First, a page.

There will be new OpenJDK releases in 2011 and 2012.
I like what I'm hearing, so far!
Next is a demo of what Java is able to accomplish today on the client side. A JavaFX cup, followed by a game screen... an array of screens... fancy graphics/visualizations... quite fancy. All done vector graphics, no images. I think you have to see it to comprehend it. A real lot is possible using vector graphics and Java.
Thomas talked about the mobile vision: Project Mobile.Next. This will involve updates to the Java language, the VM, libraries, packages, and APIs. The goal is to enable Java support for new devices and new markets, including smartphones and many other mobile devices. Java Card and mobile payments were featured.
Bioware was the next focus, in a presentation of the "StarWars: The Old Republic" game, which runs on GlassFish. The video was spectacular, and it seems it's all developed using Java.
In conclusion, Thomas said Oracle is committed to giving developers the world's best programming platform on the desktop side, on the mobile side, and on the server side. And he announced the upcoming non-US JavaOnes. Then Olympic Champion Apollo Ohno came out, and said he was excited to be at JavaOne. I really liked watching him at recent Olympics, and it's a thrill to see him at JavaOne! He said often people tell him "You look a lot like Apollo Ohno" and he says "I hear that a lot!"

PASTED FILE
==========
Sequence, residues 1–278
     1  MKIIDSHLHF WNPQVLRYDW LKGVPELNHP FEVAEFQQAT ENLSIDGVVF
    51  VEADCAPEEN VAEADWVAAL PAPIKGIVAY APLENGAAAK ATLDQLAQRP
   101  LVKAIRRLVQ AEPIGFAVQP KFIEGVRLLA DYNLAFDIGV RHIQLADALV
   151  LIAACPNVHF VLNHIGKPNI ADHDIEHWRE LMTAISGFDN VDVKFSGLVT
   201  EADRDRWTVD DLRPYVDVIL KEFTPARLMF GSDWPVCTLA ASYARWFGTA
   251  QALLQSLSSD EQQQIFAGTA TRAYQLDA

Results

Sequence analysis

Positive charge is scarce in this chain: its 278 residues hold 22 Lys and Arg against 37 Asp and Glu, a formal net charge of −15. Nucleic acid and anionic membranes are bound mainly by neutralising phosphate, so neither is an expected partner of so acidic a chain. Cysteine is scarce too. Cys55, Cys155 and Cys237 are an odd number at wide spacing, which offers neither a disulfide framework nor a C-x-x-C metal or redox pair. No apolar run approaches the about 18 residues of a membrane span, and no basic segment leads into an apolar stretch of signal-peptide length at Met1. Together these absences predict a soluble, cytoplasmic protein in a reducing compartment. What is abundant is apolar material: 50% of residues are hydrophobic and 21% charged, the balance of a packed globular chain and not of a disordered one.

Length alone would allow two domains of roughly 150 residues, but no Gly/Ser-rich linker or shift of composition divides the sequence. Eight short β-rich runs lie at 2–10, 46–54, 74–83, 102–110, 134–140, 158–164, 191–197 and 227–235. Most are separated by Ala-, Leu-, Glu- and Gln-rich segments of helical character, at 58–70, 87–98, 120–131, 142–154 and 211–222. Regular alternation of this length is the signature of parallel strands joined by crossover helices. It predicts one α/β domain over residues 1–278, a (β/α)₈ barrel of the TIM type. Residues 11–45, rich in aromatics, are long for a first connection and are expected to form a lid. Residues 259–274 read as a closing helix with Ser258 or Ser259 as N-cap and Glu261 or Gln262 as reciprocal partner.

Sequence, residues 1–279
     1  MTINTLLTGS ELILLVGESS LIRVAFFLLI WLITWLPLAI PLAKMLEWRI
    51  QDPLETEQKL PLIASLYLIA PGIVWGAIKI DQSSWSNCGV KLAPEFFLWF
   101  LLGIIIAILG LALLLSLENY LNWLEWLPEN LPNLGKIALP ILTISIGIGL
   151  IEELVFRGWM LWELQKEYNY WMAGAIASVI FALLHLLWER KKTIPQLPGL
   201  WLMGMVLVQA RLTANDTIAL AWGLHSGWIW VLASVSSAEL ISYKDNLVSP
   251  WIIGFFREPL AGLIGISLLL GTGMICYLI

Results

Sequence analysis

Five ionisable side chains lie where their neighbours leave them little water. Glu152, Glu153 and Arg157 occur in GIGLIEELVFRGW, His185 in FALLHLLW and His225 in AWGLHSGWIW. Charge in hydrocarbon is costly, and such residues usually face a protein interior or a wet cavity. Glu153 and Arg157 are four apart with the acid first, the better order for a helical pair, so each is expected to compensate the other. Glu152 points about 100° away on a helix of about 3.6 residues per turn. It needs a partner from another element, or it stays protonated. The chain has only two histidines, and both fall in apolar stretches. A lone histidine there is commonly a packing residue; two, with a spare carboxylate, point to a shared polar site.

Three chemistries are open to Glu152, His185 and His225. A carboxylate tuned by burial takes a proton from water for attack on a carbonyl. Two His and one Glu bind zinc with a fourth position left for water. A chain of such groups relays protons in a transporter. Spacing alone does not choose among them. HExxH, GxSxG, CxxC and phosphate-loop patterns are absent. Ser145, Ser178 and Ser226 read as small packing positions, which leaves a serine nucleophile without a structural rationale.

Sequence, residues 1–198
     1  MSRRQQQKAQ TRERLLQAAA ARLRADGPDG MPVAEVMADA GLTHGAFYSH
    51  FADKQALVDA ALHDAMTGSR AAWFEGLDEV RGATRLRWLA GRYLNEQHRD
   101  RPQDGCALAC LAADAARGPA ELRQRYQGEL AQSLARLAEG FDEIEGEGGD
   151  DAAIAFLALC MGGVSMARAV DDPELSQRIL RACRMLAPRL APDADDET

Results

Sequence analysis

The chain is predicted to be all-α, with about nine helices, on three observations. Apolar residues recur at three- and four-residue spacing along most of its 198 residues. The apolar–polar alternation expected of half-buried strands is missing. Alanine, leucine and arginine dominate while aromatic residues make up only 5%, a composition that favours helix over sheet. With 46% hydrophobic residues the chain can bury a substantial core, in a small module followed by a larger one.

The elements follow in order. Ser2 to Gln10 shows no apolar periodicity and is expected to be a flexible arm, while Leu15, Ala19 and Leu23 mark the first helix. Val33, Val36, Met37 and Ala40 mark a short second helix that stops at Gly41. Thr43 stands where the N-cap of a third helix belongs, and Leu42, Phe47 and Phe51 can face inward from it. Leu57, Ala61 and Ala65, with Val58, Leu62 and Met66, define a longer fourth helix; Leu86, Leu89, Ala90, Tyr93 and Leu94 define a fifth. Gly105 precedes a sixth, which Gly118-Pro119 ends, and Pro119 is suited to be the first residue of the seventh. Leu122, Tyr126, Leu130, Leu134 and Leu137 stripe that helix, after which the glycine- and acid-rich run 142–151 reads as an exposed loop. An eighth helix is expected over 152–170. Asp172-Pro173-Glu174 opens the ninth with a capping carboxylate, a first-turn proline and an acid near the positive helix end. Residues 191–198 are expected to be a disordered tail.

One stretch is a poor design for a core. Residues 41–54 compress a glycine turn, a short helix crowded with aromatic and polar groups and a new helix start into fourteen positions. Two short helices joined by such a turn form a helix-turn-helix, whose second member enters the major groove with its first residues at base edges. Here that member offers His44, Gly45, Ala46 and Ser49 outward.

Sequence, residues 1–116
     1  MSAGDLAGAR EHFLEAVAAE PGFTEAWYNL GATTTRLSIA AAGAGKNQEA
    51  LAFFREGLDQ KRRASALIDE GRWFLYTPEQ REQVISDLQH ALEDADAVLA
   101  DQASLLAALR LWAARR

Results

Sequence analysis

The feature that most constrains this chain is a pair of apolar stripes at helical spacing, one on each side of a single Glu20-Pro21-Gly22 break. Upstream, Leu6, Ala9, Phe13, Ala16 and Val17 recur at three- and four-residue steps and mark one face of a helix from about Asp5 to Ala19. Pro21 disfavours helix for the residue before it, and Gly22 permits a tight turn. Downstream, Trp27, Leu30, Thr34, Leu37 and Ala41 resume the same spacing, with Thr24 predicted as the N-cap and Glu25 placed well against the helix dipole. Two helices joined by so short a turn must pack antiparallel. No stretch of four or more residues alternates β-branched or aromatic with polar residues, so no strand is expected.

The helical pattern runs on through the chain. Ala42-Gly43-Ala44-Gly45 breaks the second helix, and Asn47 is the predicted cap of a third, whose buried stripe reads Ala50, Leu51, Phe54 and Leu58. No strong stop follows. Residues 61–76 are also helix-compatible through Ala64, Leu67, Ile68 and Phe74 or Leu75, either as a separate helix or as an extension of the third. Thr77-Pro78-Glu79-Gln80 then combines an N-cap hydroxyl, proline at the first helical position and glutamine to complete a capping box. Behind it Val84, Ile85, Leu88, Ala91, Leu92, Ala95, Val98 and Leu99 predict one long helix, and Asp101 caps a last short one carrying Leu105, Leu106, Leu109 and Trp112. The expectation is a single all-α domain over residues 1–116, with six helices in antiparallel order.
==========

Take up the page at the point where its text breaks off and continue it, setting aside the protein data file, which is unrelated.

So, what will the Monday night Oracle Open World / JavaOne / Oracle Develop keynote tell us? Intel and Thomas Kurian will provide the answer, which I'm watching on the Oracle Technology Network Live videostream
"The future of Java is not about Oracle, it's about you the developers, and what you make Java become" -- or something like that was Thomas's last statement.
I myself am pleased by Oracle's vision for Java, as presented at JavaOne 2010 thus far. What do you think?
Justin Kestelyn points us to the JavaOne photostream in Let The Photos Commence :
Yep, we're onsite in our JavaOne home for the week, the Mason St. tent, and documentation of the goings-on around us has already begun... Stay tuned to this photostream for more virtual experiences!